Students are powering on MacBook Air laptops and Skyping with teachers at Kaysville charter school Career Path High.
The new technology is partially funded by a state program that awards a tech overhaul to selected schools. But as digital projectors at Career Path High glow, students at other winning schools are still waiting for their promised devices.
New Smart Schools in Utah
Pinnacle Canyon Academy » Price, charter school, 328 projected participating students
North Davis Junior High » Clearfield, about 1,050
Newman Elementary School » Salt Lake City, about 450
Utah Career Path High School » Kaysville, charter school, 175
Myton Elementary » Myton, Duchesne School District, 164
Rocky Mountain Middle School » Heber City, Wasatch School District, 859
Freedom Preparatory Academy » Provo, charter school, 285 on upper campus, grades 7-12
And at some of those schools, administrators have yet to officially sign on because they aren’t sure they can afford their share of the bill.
This year’s Smart Schools program is "sort of all over the map still," said Rick Gaisford, technology specialist at the Utah Office of Education (USOE). "Ideally, we would’ve loved to have all the schools up and running the first day of school."
Carbon School District’s Helper Junior High is opting out of the program, Principal Mika Salas wrote in an email. And North Salt Lake’s Wasatch Peak Academy dropped out midsummer because its share of the cost, about $740 per student, proved too hefty. Other schools filled the open seats, but some still don’t know whether they can manage it.
Equipping schools with iPads for each student remains a new process, so state board school members expect the program to have a few glitches, said Associate Superintendent Brenda Hales. The cost is a big hit for most schools, but some say the comprehensive, all-at-once package makes it worthwhile.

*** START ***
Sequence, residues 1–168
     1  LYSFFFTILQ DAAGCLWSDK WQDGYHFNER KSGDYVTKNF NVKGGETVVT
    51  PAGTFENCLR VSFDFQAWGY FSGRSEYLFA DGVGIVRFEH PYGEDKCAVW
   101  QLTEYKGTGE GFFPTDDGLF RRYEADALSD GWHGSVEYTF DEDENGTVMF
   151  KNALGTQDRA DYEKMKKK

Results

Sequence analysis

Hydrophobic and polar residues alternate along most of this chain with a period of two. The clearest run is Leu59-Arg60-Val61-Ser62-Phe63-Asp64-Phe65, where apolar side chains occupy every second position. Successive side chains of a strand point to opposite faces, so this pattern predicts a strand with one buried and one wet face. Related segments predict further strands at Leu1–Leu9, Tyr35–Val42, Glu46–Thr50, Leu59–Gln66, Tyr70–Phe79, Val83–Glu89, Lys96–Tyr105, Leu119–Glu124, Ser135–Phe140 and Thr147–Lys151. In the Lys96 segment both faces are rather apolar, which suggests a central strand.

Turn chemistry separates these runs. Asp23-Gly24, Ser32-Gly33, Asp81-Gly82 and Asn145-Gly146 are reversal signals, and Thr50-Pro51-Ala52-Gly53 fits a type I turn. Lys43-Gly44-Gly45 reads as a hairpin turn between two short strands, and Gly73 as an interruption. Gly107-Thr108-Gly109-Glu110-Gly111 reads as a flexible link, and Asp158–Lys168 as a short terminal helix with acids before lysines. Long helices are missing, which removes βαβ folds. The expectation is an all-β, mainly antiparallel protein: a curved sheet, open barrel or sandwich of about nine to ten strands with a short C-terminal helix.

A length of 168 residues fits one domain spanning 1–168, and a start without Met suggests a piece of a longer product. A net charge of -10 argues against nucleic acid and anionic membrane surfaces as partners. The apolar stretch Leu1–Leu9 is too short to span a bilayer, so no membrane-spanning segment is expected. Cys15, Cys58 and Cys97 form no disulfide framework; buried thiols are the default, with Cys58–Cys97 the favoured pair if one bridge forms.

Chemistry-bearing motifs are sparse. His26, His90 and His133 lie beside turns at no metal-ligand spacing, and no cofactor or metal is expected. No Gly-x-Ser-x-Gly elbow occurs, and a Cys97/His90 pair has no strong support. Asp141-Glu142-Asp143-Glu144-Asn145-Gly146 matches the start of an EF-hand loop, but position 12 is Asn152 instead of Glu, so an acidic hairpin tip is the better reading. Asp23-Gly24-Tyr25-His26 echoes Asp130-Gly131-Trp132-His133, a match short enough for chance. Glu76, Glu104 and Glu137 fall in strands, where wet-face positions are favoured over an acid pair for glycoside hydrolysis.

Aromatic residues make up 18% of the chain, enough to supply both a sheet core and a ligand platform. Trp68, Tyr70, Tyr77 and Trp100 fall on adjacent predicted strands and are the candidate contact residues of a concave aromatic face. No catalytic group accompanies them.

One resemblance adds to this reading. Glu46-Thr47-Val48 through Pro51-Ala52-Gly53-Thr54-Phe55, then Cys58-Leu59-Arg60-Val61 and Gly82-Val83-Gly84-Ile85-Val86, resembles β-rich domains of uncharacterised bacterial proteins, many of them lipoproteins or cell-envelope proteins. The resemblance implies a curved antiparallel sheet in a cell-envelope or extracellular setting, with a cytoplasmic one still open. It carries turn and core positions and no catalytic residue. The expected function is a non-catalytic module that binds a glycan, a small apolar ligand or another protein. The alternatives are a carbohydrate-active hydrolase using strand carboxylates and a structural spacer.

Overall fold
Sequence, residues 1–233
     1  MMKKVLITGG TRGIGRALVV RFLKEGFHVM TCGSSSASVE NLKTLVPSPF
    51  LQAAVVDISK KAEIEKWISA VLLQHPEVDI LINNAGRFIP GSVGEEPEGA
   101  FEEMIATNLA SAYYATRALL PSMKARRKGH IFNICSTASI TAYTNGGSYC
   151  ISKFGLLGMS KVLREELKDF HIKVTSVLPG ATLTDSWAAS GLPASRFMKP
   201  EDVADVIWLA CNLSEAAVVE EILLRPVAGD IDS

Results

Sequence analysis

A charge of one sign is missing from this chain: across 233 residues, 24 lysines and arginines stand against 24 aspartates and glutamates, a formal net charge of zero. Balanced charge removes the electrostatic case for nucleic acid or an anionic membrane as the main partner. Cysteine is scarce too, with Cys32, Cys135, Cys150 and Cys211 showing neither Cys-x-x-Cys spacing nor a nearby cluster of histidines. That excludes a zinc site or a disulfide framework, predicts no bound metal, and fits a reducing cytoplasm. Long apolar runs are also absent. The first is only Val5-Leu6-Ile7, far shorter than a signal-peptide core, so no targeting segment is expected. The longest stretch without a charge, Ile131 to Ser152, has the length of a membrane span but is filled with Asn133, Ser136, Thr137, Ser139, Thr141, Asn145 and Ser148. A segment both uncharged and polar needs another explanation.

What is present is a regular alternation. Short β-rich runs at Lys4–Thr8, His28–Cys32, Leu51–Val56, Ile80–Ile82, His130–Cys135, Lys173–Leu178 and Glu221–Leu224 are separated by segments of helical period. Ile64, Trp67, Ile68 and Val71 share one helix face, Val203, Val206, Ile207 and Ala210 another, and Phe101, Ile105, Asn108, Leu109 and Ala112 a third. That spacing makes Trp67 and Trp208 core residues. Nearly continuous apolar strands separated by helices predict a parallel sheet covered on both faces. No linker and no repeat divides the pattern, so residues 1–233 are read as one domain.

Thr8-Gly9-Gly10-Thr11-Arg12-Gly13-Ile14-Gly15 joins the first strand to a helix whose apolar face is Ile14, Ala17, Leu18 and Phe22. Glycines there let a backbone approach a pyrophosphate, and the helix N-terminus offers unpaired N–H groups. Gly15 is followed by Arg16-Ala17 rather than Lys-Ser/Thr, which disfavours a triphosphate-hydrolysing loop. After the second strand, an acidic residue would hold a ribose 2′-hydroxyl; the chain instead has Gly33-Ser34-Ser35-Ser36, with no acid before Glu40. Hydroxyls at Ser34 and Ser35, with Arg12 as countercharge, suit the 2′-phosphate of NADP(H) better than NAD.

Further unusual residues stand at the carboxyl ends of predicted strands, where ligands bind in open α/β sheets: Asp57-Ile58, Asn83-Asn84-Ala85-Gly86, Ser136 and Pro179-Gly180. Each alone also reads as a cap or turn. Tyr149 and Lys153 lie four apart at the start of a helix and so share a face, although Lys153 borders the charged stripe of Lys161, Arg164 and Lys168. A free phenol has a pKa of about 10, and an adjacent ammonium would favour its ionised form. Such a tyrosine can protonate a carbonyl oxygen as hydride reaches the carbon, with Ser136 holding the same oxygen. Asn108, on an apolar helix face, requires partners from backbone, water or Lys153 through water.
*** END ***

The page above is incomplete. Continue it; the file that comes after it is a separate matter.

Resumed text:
"It’s not that it’s bad," Hales said of the project in August. "It’s just expensive."
Cheaper options could include using a list of approved school tech outfitters, instead of just one, she said. Or, if a school wants to bring in the new devices on its own, maybe state entities could help pay for their individual plan.
"Although I applaud people for trying to get technology in schools," Hales said, "this might not be the most efficient way to do it."
At this rate, she added, it’ll be 150 years before each Utah student takes part.
This year’s $2.4 million program promises to pay half the total cost of outfitting classrooms with either a laptop or iPad for each student, smart chalkboards, TVs and a wireless network, among other pieces. It includes training for teachers and three years of support.
Creating the program was a group effort by the Governor’s Office of Economic Development, the Utah Board of Education and the Legislature.
Last year, lawmakers granted a free tech overhaul to three schools: Provo School District’s Dixon Middle School, North Sevier High in the Sevier District and Sanpete District’s Gunnison Valley Elementary. The iPads especially brought lessons to life, teachers said, because students could watch video re-enactments of Renaissance-era parties and plays, for example.
Some school officials said technology can help schools deal with growing class sizes, too, because the devices enrapture students and keep them on track.
This year, schools were expected to pick up half the tab.
Price charter school Pinnacle Canyon Academy is receiving the digital package, said Principal Roberta Hardy. "We would’ve never been able to purchase everything we’re getting" without the award, Hardy said. "This is a huge help." The three years of support, she added, are "invaluable."
North Davis Junior High in the Davis School District couldn’t afford the whole chunk at once, so after a series of negotiations, the school will pay installments to vendor iSchool Campus over three years, said Principal Ryan Hansen.
While there may have been a less costly way for the school to buy devices on its own, schools have few alternatives for bringing on a large batch of digital tools all at once, he said, And the program is a good idea because of the promise of three years of tech and teacher support, he said.
"But it’s a lot of money for support," he said, "so it better be good."
When schools began applying for the program in spring, they weren’t sure what it would cost because vendor iSchool Campus hadn’t been chosen, pointed out Sue Winchester, a spokeswoman for the business.
Next year, sending out iPad Minis to each student instead of the full-sized tablets could cut costs without lowering the touted one-to-one student-to-device ratio, Winchester said. And there’s wiggle room elsewhere. For example, some schools with smaller classrooms could probably do without surround sound stereo systems, she added. "There are always going to be some ways to streamline the package."Next Page >
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